Until the scope of the clerical sex abuse allegations came out, John Paul II was a beloved figure. The Church is hoping that making him a saint will bring back some of the love, and with that love will come money to fund the Church and pay off the lawsuits from the scandal for which John Paul II is miraculously not held accountable.

Good luck with that. There aren't many sitting in the pews to hear the grand announcement when John Paul II becomes a saint at a speed that is dazzling for the slow-moving bureacracy that governs the Catholic Church.

Tuesday, July 02, 2013

Selecting The Right Literary Agent

As you compile your list of literary agents to approach, you can eliminate some from your list of "perfect fits". You may not be a perfect fit for some of those agents you perceive as ideal.

While you might think your manuscript is in the same league as Junot Diaz or Chris Ware, it is highly doubtful that a literary agent will agree unless you've built up a tremendous track record of success in the literary world.

Nicole Aragi is one such agent.

Her recent interview will make it clear to you why you are most likely wasting your time in submitting to her unless you're already labeled a budding genius. Which, in all likelihood, you are not nor soon to be so labelled.

Monday, July 01, 2013

The End Of The Modern Army

Soldiers die in war. It is a fact that volunteers face when they sign on.

Now, when a soldier falls in combat, their family can sue the government that sent the soldier into combat. No more fog of war, no more chance encounter, no more bad luck. It's become a question of negligence.

The Supremes
The European Union has a clause regarding the right to life in its convoluted set of rules, and so the legal minds who sit on England's Supreme Court have declared that death of a soldier in combat violates that rule.

Two families brought suit, one involving a friendly fire incident and the other a death caused by an improvised explosive device and an inadequately armored Land Rover. In one case, it was claimed that the Department of Defense was negligent for allowing British soldiers to be misidentified as enemy combatants, resulting in death. For the other, the government was deemed negligent for sending poorly protected vehicles into a combat zone.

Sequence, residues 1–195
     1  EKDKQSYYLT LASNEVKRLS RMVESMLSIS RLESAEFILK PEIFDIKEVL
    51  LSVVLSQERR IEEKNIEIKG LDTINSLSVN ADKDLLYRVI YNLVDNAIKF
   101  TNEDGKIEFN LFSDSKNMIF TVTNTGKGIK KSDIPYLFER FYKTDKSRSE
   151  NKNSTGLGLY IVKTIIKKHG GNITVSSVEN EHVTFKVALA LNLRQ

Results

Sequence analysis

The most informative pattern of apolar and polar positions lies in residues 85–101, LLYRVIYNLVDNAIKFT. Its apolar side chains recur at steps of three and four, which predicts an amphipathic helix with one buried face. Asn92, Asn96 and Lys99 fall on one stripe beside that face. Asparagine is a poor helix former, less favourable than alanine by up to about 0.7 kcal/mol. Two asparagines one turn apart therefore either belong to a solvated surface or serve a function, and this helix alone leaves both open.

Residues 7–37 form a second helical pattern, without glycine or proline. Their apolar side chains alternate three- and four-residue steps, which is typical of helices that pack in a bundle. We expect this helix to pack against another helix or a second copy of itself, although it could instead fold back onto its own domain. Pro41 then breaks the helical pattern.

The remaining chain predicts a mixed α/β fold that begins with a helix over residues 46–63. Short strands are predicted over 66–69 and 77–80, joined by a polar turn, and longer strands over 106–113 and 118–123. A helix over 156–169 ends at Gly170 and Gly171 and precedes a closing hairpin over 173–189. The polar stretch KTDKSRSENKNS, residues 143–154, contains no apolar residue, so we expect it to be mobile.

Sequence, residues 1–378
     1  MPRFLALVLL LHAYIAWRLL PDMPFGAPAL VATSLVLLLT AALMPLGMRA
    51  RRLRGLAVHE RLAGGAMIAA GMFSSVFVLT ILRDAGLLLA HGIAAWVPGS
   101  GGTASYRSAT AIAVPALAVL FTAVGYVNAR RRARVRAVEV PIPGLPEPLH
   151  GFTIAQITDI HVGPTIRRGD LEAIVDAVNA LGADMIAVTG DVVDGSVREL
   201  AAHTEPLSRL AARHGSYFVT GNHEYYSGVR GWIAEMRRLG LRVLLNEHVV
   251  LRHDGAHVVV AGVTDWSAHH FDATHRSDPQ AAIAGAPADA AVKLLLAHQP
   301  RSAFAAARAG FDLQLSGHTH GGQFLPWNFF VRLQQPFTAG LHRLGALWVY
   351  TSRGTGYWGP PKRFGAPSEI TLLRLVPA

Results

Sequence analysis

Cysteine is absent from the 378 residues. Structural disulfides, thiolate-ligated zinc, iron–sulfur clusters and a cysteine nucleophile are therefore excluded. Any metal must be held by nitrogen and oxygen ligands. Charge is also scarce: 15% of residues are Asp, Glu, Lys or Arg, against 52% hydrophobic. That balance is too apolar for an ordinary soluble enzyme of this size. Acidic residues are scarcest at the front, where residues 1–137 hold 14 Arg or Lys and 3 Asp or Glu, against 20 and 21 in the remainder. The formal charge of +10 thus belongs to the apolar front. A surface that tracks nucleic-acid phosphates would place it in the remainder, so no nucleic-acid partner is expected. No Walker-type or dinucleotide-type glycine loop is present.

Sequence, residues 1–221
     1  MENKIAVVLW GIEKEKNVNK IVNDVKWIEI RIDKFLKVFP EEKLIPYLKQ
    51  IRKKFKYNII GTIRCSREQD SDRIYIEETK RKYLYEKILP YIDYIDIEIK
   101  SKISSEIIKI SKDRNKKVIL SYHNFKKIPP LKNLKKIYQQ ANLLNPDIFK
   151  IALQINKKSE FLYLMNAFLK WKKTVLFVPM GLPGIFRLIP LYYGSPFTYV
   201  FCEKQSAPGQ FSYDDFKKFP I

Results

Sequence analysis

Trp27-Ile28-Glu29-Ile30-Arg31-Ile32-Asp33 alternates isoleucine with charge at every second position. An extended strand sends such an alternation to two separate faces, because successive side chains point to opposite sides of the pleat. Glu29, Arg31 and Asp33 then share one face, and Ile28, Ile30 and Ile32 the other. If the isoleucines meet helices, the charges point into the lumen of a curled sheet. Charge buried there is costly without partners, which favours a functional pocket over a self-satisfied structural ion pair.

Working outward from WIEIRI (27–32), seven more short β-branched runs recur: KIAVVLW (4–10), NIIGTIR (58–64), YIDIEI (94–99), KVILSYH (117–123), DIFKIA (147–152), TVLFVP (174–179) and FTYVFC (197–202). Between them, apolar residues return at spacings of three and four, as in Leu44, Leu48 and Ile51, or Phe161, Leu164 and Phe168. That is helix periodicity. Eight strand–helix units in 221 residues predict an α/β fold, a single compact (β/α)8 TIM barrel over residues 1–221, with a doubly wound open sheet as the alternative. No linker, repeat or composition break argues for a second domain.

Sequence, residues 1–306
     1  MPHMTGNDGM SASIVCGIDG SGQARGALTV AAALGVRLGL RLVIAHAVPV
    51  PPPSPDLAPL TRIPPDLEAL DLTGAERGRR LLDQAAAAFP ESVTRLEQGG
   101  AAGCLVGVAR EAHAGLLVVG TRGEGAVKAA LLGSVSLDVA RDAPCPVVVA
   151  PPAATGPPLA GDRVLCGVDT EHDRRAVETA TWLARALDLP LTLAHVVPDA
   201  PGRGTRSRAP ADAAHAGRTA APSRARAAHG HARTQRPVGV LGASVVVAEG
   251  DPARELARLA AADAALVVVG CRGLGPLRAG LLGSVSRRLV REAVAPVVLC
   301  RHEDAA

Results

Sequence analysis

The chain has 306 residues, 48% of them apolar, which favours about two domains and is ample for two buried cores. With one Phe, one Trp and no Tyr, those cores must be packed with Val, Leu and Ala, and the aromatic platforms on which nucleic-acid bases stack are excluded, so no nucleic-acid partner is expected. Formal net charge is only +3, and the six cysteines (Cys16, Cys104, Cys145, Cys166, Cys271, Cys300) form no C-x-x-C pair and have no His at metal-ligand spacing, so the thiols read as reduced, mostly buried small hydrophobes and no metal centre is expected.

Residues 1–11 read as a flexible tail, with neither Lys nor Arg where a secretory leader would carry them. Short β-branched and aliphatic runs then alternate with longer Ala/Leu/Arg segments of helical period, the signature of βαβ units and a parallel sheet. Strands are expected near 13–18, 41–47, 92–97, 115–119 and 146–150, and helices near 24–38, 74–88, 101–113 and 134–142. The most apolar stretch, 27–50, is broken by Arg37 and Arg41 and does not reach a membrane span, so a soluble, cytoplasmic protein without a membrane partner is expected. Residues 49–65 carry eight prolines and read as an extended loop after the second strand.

War is cruelty and you cannot refine it, General William Sherman once said. In these modern times, you can ameliorate that cruelty in a court of law.

How can an army function if the commanding officers must consider, not only strategy and intelligence, but legal implications of an operation?

The court has decreed that soldiers have a right to life, even in combat situations, which sounds like a lovely sentiment but it isn't exactly grounded in the realities of the cruelty that is war.

There are those who have long been opposed to foreign wars that do not seem to have a direct impact on daily life at home. That they found a way to use the courts to express their displeasure will be applauded in some circles, while the officers in the armed forces will complain about hands being tied.

They may make mention of unintended consequences at some future time, now that the precedent of a successful lawsuit has been set. Attempts to refine war can lead to unintended consequences down the line, when an officer hesitates because he's thinking of lawsuits instead of flanking maneuvers.

Sounds like a plot for a futuristic fantasy of a novel where the Allied generals are tied up in court while the Axis attacks without concern for legal rulings....where would we be if this had been a decision reached in 1939?

Go write.